Why we’re charging our event organisers

Monday, July 25, 2016

Paul McMahon is the co-founder and Representative Director of Doorkeeper Inc. He also organises Tokyo Rubyist Meetup, which he’s been running since September 2010.

With our recent change to Doorkeeper’s pricing, we’re asking a lot of you to start paying us for something you used to use for free. We know it sucks - having something that was once free become paid is never a pleasant experience. To help you understand why we’ve made these changes, I want to explain in detail our thinking behind them.

The first thing we’d like to make clear is that Doorkeeper has not been generating enough money to sustain it. We have low expenses, as we have a really small team: myself, my co-founder, and a part-time support person. Despite generating some money from prepaid ticket sales, it is barely enough to cover our fixed running costs (infrastructure and support), let alone pay ourselves. We’ve been sustaining ourselves from doing mostly unrelated work.

We started Doorkeeper as a side project. We’re developers and like to make new things. We built Doorkeeper for the fun of it in the beginning, and weren’t really concerned about monetizing it. When we saw it was rapidly growing, we decided to double down on it, and so we created Doorkeeper Inc to build the service into a sustainable business.

When we introduced prepaid events, taking a commission on prepaid events seemed like a natural way to make money. We thought this would be enough to subsidize the other events that didn’t use prepayment. Despite making improvements around prepayment, we still aren’t able to generate enough revenue from it.

We’ve come to realise that prepayment for events isn’t a concern for the majority of our organisers, as they aren’t looking to make money from participant fees. Even when they are charging money, it is typically only a small amount, enough to break even on the event. Because of this, even when they do use prepayment, we get only a small comission.

To turn Doorkeeper into a sustainable business from prepaid event comission alone, we’d need to increase the number of prepaid tickets sold by a factor of ten, something we don’t see happening within the next couple of years.

Because of this, we explored other ways of monetizing Doorkeeper that would let us keep it free. We have built up a large network of event organisers and participants, and thought that we could leverage that network to generate revenue.

We have had companies come to us wanting us to connect them with event organisers so that they could sponsor events in exchange for promoting a product. Unfortunately we have found that generally these companies don’t put a high value on our organisers, and are looking for a cheap way to promote their products. This means the deals they’re wanting to do don’t create enough value for our organisers in exchange for the burden they’re placing on them.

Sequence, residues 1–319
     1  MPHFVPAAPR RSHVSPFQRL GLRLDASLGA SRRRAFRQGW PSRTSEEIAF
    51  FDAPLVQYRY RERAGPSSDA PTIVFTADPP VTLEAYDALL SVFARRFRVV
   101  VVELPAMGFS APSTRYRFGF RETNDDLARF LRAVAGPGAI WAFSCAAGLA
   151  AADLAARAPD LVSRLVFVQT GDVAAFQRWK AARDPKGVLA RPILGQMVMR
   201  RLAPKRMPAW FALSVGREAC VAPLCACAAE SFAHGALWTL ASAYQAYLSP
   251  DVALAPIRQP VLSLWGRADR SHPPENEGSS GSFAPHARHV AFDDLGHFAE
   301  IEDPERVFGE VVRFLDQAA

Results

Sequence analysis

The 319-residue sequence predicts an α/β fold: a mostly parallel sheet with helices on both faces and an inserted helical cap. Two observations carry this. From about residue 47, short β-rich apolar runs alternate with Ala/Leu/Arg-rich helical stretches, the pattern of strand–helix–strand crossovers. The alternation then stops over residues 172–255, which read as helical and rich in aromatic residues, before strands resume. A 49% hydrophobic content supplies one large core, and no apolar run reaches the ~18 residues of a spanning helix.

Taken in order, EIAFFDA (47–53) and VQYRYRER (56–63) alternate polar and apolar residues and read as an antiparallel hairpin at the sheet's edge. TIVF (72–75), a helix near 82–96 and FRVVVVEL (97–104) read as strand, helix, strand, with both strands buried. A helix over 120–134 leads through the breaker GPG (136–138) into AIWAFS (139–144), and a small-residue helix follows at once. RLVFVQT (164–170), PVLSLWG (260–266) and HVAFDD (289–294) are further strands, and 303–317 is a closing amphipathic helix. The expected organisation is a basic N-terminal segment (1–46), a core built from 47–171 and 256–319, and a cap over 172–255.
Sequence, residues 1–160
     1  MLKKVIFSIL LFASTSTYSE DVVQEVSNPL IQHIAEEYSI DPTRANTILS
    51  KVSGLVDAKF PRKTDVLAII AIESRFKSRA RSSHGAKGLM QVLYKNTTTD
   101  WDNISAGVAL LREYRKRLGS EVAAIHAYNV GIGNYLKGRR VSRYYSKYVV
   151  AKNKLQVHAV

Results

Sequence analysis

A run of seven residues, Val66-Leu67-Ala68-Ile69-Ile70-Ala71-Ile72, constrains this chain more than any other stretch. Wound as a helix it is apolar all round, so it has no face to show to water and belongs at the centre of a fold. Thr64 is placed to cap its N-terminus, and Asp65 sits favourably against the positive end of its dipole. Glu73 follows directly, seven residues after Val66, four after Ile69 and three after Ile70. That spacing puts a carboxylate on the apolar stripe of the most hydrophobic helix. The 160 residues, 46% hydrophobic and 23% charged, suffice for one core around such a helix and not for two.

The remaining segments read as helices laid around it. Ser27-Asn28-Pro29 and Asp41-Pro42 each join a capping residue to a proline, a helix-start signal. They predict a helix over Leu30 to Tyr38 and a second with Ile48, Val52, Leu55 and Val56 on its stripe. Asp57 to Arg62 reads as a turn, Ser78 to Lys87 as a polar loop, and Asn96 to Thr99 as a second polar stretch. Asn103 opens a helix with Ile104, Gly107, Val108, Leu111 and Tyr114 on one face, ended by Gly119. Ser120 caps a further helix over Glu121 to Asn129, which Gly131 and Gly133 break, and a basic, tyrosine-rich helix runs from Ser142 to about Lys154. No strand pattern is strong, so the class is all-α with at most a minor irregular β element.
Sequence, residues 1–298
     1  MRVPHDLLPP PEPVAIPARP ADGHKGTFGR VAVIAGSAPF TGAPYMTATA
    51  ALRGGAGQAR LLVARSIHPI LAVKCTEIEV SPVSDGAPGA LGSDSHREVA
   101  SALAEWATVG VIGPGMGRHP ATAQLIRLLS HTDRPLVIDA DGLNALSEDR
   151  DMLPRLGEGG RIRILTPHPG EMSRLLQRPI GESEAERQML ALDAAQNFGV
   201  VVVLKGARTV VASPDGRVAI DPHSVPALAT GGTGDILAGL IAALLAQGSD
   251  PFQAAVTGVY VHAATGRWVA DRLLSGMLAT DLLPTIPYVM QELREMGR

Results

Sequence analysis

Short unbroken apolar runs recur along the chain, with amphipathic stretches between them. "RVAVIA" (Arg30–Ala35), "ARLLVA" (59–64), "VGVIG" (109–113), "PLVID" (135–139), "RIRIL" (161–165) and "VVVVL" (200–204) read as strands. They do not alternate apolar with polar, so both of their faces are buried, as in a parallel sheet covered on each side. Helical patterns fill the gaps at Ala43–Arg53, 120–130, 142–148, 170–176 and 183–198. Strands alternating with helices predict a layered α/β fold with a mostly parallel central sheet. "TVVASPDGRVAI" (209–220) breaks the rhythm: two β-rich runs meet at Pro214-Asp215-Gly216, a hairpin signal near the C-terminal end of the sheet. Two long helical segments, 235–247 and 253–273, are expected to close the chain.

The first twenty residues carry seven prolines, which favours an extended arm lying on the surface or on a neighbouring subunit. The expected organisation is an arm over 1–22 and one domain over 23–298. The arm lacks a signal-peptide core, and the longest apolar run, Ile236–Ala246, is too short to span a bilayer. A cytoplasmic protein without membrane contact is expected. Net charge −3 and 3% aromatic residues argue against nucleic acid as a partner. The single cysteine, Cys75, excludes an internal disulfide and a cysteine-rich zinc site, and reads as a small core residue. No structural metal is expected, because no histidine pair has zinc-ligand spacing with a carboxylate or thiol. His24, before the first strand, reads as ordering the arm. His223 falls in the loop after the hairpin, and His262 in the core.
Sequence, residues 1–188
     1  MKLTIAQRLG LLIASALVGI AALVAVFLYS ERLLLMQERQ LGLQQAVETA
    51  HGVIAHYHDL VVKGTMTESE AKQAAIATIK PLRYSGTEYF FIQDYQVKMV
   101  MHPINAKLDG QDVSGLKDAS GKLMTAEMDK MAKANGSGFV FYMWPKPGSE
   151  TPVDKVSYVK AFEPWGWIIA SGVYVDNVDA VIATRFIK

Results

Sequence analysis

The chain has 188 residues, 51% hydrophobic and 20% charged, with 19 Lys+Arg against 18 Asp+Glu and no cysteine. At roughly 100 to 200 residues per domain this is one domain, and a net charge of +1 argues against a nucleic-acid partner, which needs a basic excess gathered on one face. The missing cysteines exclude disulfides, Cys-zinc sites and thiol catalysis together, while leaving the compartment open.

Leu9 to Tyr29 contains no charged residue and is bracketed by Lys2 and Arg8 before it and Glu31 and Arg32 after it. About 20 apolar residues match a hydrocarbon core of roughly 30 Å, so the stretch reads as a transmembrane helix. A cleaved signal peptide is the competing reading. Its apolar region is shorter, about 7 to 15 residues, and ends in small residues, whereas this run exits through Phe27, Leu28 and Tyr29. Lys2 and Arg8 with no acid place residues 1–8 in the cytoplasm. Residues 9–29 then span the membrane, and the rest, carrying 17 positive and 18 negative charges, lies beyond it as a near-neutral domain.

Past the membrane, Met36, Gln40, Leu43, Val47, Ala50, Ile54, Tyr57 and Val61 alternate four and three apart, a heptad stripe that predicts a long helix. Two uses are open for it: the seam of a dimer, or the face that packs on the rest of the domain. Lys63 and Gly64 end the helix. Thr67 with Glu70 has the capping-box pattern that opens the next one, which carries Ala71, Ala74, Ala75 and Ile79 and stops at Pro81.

While we don’t think it is impossible to build a business out of matching organisers and companies, it is quite a different business from developing an event registration platform. This kind of business would be tangential to Doorkeeper and would require a large investment on our part, so we have little interest in pursuing it.

We’ve had many other ideas of indirect methods of monetization, but we run into the same problem with them: event organisers are no longer our customers, some third party is. Our relentless focus on what’s best for the organiser above all else is why we’ve been successful with Doorkeeper, and we’re not prepared to change this.

So if we’re not going to indirectly monetize Doorkeeper, we’re left with charging our actual customer - the event organiser. This sucks for all our organisers who aren’t making any money through their events, and are holding events for the benefit of the community. However, we think having the organiser cover the cost of running Doorkeeper will ultimately lead to a better service than if we had a third-party with different interests use our event organisers' audience.

We understand that we’ll lose some organisers by transitioning to a paid product. It sucks that we’re losing them, as we really do appreciate every one of our organisers. But we need to make this change to move forward with the product, and hope you’ll continue to support us.